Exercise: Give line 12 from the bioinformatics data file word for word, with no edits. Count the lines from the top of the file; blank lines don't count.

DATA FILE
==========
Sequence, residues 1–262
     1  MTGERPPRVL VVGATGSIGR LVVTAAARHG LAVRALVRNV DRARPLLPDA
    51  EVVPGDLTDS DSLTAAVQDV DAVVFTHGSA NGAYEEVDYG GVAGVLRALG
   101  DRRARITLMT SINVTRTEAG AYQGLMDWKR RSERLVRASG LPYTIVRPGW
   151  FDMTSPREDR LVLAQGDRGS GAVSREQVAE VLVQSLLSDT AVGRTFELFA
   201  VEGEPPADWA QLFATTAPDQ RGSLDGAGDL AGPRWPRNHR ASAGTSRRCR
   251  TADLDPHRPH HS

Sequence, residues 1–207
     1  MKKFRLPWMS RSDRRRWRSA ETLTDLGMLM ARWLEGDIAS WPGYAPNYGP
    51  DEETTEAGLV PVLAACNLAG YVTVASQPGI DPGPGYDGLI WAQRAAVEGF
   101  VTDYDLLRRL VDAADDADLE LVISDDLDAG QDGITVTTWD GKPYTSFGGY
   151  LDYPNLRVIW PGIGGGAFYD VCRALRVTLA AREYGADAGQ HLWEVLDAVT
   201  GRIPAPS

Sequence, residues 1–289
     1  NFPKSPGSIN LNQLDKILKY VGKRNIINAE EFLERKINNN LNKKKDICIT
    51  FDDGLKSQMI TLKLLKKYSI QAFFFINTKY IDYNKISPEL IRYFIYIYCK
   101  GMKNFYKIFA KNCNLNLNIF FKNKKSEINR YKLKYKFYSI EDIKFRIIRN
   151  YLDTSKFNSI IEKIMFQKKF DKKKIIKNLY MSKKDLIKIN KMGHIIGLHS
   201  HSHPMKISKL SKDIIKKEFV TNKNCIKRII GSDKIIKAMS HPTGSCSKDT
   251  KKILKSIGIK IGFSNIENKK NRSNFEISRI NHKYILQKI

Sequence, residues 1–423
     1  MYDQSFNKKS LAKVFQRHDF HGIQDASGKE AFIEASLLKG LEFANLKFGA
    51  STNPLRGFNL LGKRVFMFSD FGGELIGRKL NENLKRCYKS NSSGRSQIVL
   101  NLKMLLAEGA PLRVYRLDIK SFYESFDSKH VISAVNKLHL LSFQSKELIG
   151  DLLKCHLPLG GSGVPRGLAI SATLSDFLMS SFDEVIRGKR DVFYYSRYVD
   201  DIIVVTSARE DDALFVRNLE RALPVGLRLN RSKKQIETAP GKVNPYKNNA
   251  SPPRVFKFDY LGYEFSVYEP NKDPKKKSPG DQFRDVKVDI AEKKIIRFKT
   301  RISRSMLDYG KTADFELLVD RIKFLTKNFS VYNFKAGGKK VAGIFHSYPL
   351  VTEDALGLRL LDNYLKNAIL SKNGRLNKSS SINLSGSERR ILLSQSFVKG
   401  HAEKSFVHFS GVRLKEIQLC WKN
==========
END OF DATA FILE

   151  LDYPNLRVIW PGIGGGAFYD VCRALRVTLA AREYGADAGQ HLWEVLDAVT